Development of alternatives:Human Rights Watch has called for recognition by the Government of Ethiopia of the rights of the Omo valleys indigenous communities over their historic homelands. They have called for meaningful discussion with them over the future use of their land and compensation. Pointing out that donors fund basic service provision in every district of Ethiopia and could therefore be indirectly funding the displacement of communities, the rights body wants donors to ensure their funding is not supporting forced displacement or unlawful expropriation of indigenous lands.
Do you consider this an environmental justice success? Was environmental justice served?:No
Briefly explain:Clearing of land and construction of infrastructure for the planned plantations has been observed. Human Rights Watch quotes reports from Ethiopias state run media which suggest that 10,995 pastoralist households were villagized in 2010 and 2011 in the Salamago woreda district of South Omo Zone, with another 20,000 households scheduled for
villagization in 2011 and 2012.
HRW says a subsequent February 2012 state media report said the government planned to relocate 103,000 pastoralists during this 2012/13 budget year in the Southern Nations, Nationalities and Peoples Region[1].
Meanwhile, a report on a January 2012 joint DFID/USAID field visit to South Omo said meetings with representatives of the Mursi, Bodi, Hammar and Minogelti ethnic groups heard allegations of up to 80 arrests, limited access to agriculture lands, use of force and intimidation, and rape of women [3].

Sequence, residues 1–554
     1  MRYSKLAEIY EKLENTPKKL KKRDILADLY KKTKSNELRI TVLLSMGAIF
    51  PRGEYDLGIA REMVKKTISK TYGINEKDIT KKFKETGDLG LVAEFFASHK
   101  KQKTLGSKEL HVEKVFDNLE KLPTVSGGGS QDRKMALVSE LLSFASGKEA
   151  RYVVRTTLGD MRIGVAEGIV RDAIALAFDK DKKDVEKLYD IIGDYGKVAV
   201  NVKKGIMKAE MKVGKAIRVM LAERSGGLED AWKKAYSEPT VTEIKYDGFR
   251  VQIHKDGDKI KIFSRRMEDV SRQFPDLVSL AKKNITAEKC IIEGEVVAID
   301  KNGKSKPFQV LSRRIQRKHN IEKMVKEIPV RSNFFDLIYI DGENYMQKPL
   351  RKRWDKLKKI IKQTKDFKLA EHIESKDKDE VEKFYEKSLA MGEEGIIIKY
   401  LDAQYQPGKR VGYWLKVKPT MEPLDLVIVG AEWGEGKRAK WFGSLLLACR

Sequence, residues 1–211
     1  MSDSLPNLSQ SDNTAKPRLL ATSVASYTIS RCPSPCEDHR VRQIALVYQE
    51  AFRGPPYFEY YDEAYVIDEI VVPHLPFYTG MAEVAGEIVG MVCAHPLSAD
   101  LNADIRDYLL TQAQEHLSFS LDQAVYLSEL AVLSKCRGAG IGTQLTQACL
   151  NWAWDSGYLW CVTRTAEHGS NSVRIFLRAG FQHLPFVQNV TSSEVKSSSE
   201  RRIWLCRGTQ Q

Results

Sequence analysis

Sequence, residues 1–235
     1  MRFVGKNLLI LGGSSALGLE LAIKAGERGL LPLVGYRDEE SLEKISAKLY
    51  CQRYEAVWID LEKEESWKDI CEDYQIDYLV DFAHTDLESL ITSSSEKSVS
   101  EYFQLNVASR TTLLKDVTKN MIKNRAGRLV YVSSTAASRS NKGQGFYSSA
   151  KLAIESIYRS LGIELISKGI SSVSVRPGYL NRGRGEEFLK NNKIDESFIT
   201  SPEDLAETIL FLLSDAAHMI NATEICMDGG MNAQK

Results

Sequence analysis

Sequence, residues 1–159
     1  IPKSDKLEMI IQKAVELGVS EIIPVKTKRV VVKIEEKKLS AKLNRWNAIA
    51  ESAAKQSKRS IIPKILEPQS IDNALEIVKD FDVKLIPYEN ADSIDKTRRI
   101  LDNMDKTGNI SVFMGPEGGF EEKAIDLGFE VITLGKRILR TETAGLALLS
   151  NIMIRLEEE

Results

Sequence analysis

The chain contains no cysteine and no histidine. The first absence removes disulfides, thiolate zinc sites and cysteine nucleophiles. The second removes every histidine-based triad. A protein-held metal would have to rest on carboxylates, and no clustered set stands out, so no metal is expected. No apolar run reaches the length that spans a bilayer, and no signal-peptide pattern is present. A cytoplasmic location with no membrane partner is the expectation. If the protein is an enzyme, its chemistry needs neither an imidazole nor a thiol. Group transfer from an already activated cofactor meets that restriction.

Sources and Materials

Related laws and legislationsĀ - Juridical texts related to the conflict

Available at

Ethiopian Environmental Impact Assessment Proclamation #299/2002

Charities and Societies Proclamation

Mass Media and Freedom of Information Proclamation

Anti-Terrorism Proclamation

References to published books, academic articles, movies or published documentaries

[1] Human Rights Watch (2012). What will happen if hunger comes: Abuses against the Indigenous Peoples of Ethiopias Lower Omo Valley. Available at: Accessed 4 November 2012.

[2] Oakland Institute (2011). Understanding land investment deals in Africa. Available at: Accessed 4 November 2012.

[3] DFID/USAID (2012). Report of joint DFID/USAID field visit: South Omo. Available at: Accessed 1 January 2013.

LinksĀ to general newspaper articles, blogs or other websites

Kelly, Annie and Ford, Liz (2012). DfID under fire for poor response to human rights concerns in Ethiopia. Available at: Accessed 1 January 2013.

Survival International (2012). Hunger: Ethiopias new weapon to force tribes off their land. Available at: Accessed 4 November 2012.

Survival International (2012). Revealed: how Ethiopias plantations are killing vital waterway. Available at: Accessed 1 January 2013.

Related media links to videos, campaigns, social network

Human Rights Watch (2012). Ethiopia: Indigenous People Forced From Land. Video available at: Accessed 4 November 2012.



Human Rights Watch (2012). South Omo: Pastoralists forced from their land. Multimedia slideshow available at: Accessed 4 November 2012.

Other comments:Total Investment: $640-million from Exim Bank for sugar sector
Legislation like the Charities and Societies Proclamation, Mass Media and Freedom of Information Proclamation and Anti-Terrorism Proclamation make it difficult for communities to organise and to assess the level of local organisation taking place. Human Rights Watch reports that under the Charities and Societies Proclamation, 41 NGOs operating in the Southern Nations, Nationalities and Peoples Region had their licenses revoked for carrying out campaigning activities. International organisations and institutions like Human Rights Watch, Survival International and the Oakland Institute have, however, conducted research and organised letter writing campaigns and petitions on the issue.

Meta information

Contributor:Patrick Burnett
Last update08/04/2014